Pretty much everything in space that is not a beam of electromagnetic radiation or a torchship moves in an orbit. What is relevant to our interests is this class includes spacecraft, space stations, satellites, moons, and planets. Using orbits is critical for flying your spacecraft from planet A to planet B.
What is an orbit? That elliptical path traced by a secondary object (i.e., Luna) as it moves around a primary object (i.e., Terra).
If you jump out a window of a skyscraper, or out of an aircraft at high altitude, you will fall down. You will be in a wonderful state of free-fall…until you hit the ground.
An orbit is a clever way to constantly fall towards a planet but never hit the ground. Orbits are the sine qua non of space stations and communication satellites.
Pretty much all natural orbits are ellipses, though many look like circles to the naked eye (that was Kepler's valuable contribution to rocket flight). To the naked eye it also appears like the center of the secondary object's orbit is the center of the primary object, but this too is wrong. Ellipses have two focal points instead of one center, and one is parked on the barycenter of the primary-secondary system. It is just that the barycenter is typically quite close to the center of the primary object, if not it is generally beneath the primary object's surface.
The odd term "eccentricity" when applied to ellipses and orbits is basically a measure of how far apart the two focal points are. It is a number from 0.0 to less than 1.0. If the eccentricity is zero, the two focii are in the same spot, and the ellipse is a special kind of ellipse called, hang on to your hat, a circle. The higher the eccentricity, the more oval the ellipse becomes. Extreme ellipses are downright cigar shaped. If the eccentricity becomes equal to 1.0, the ellpse turnes into a parabola. Higher than 1.0 and it becomes a hyperbola, aka an hyperbolic escape orbit.
These are orbits around a planet or moon where you park spacecraft, satellites, and space stations. As opposed to "transfer orbits" which are used by spacecraft traveling from one planet to another.
There are certain preferred orbits.
An equatorial orbit is a non-inclined orbit with respect to Terra's equator (i.e., the orbit has zero inclination to the equator, 180° inclination if retrograde). Most civilian satellites use such orbits. The United States uses Cape Canaveral Air Force Station and the Kennedy Space Center to launch into equatorial orbits.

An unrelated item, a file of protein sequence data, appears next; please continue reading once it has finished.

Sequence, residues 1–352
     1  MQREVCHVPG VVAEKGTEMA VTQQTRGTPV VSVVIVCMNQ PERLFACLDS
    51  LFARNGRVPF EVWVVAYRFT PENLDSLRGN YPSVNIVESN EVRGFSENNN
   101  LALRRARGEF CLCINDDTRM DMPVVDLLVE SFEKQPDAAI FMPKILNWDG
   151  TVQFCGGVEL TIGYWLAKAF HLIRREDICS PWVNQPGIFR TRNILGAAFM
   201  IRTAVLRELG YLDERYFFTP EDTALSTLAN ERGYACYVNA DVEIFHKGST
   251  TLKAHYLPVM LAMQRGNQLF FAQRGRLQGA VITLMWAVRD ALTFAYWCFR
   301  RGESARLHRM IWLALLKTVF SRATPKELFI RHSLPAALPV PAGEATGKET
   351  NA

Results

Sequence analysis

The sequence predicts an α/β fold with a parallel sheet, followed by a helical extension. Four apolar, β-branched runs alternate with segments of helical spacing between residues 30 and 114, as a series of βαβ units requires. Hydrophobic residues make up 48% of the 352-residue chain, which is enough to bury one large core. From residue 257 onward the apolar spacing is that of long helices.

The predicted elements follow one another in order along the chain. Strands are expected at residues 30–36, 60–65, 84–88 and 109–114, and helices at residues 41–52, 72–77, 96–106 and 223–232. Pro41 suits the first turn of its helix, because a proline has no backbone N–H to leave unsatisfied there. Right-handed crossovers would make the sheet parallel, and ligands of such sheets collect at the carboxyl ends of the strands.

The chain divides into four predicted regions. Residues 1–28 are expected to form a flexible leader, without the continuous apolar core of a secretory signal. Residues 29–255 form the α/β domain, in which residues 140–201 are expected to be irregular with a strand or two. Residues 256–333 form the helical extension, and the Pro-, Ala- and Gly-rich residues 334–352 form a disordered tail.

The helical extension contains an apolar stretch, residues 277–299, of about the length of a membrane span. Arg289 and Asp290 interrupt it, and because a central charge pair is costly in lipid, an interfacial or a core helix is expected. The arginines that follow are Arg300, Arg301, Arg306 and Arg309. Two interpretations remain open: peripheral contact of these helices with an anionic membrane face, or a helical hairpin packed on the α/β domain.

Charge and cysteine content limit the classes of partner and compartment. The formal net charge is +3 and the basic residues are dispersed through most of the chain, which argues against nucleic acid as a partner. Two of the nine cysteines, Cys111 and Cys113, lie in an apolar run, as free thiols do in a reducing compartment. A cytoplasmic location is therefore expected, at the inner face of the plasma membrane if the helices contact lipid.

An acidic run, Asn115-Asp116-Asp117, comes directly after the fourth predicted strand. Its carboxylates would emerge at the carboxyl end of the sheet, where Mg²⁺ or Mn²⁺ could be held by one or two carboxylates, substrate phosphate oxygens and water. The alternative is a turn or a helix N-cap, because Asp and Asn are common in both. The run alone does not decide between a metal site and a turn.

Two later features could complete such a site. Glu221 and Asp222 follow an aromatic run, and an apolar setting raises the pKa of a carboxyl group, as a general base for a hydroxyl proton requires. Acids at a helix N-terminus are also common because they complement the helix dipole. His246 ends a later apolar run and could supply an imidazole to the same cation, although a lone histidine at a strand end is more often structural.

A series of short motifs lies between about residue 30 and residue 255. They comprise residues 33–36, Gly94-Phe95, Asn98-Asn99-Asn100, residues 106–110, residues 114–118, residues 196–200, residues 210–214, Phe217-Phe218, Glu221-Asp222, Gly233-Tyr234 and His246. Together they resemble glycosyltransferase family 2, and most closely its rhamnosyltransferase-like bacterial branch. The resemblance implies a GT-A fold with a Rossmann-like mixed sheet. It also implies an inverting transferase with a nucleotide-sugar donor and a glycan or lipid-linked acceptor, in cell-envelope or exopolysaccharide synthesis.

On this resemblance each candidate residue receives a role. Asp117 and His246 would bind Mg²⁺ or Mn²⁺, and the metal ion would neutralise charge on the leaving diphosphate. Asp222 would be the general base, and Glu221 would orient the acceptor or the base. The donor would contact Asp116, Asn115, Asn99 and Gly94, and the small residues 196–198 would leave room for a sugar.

An ecliptic orbit is a non-inclined orbit with respect to the solar system ecliptic.
An inclined orbit is any orbit that does not have zero inclination to the plane or reference (usually the equator).
A polar orbit is a special inclined orbit that goes over each pole of the planet in turn, as the planet spins below (i.e., the orbit is inclined 90° to the equator). Heinlein calls it a "ball of yarn" orbit since the path of the station resembles winding yarn around a yarn ball. The advantage is that the orbit will eventually pass over every part of the planet, unlike other orbits. Such an orbit is generally used for military spy satellites, weather satellites, orbital bombardment weapons, and Google Earth. The United States uses Vandenberg Air Force Base to launch into polar orbits. Google Earth uses data from the Landsat program, whose satellites are launched from Vandenberg.
Orbits around Terra (geocentric) are sometimes classified by altitude above Terra's surface (which is 6.37×103 km from Terra's center):
- Low Earth Orbit (LEO): 160 kilometers to 2,000 kilometers. At 160 km one revolution takes about 90 minutes and circular orbital speed is 8 km/s. Affected by inner Van Allen radiation belt.
- Medium Earth Orbit (MEO): 2,000 kilometers to 35,786 kilometers. Also known as "intermediate circular orbit." Commonly used by satellites that are for navigation (such as Global Positioning System aka GPS), communication, and geodetic/space environment science. The most common altitude is 20,200 km which gives an orbital period of 12 hours.
- Geosynchronous Orbit (GEO): exactly 35,786 kilometers from surface of Terra (42,164 km from center of Terra). One revolution takes one sidereal day, coinciding with the rotational period of Terra. Circular orbital speed is about 3 km/s. It is jam-packed with communication satellites like sardines in a can. This orbit is affected by the outer Van Allen radiation belt.
- High Earth Orbit (HEO): anything with an apogee higher than 35,786 kilometers. If the perigee is less than 2,000 km it is called a "highly elliptical orbit."
- Lunar Orbit: Luna's orbit around Terra has a pericenter of 363,300 kilometers and a apocenter of 405,500 kilometers.
- Ultra-Cautious Hill Sphere: 496,540 kilometers from surface of Terra (498,670 km from center)
- Long Term Stable Hill Sphere: 744,820 kilometers from surface of Terra (748,000 km from center)
- Ultimate Hill Sphere: exactly 1,489,630 kilometers from surface of Terra (1,496,000 km from center)
Geosynchronous Orbits (aka "Clarke orbits", named after Sir Arthur C. Clarke) are desirable orbits for communication and spy satellites because they return to the same position over the planet after a period of one sidereal day (for Terra that is about four minutes short of one ordinary day).
A Geostationary Orbit is a special kind of geosynchronous orbit that is even more desirable for such satellites. In those orbits, the satellite always stays put over one spot on Terra like it was atop a 35,786 kilometer pole (remember: 42,164 km from center of Terra). For complicated reasons all geostationary orbits have to be over the equator of the planet. In theory only three communication satellites in geostationary orbit and separated by 120° can provide coverage over all of Terra.